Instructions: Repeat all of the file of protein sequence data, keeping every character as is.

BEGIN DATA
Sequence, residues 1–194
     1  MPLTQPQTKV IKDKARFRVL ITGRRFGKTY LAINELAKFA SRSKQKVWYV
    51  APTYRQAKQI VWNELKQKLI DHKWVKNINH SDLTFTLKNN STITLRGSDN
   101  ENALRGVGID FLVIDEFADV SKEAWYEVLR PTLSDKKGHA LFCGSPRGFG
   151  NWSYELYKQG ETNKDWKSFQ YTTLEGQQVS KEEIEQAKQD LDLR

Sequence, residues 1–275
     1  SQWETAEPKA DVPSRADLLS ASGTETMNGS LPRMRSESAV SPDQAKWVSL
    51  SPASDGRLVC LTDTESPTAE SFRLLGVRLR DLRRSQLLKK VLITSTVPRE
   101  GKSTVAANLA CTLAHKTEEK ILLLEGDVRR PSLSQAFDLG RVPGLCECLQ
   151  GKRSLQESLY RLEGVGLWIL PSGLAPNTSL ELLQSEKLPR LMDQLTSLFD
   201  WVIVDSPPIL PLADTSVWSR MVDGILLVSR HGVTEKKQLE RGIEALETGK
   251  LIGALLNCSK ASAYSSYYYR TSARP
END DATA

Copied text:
Sequence, residues 1–194
     1  MPLTQPQTKV IKDKARFRVL ITGRRFGKTY LAINELAKFA SRSKQKVWYV
    51  APTYRQAKQI VWNELKQKLI DHKWVKNINH SDLTFTLKNN STITLRGSDN
   101  ENALRGVGID FLVIDEFADV SKEAWYEVLR PTLSDKKGHA LFCGSPRGFG
   151  NWSYELYKQG ETNKDWKSFQ YTTLEGQQVS KEEIEQAKQD LDLR

Sequence, residues 1–275
     1  SQWETAEPKA DVPSRADLLS ASGTETMNGS LPRMRSESAV SPDQAKWVSL
    51  SPASDGRLVC LTDTESPTAE SFRLLGVRLR DLRRSQLLKK VLITSTVPRE
   101  GKSTVAANLA CTLAHKTEEK ILLLEGDVRR PSLSQAFDLG RVPGLCECLQ
   151  GKRSLQESLY RLEGVGLWIL PSGLAPNTSL ELLQSEKLPR LMDQLTSLFD
   201  WVIVDSPPIL PLADTSVWSR MVDGILLVSR HGVTEKKQLE RGIEALETGK
   251  LIGALLNCSK ASAYSSYYYR TSARP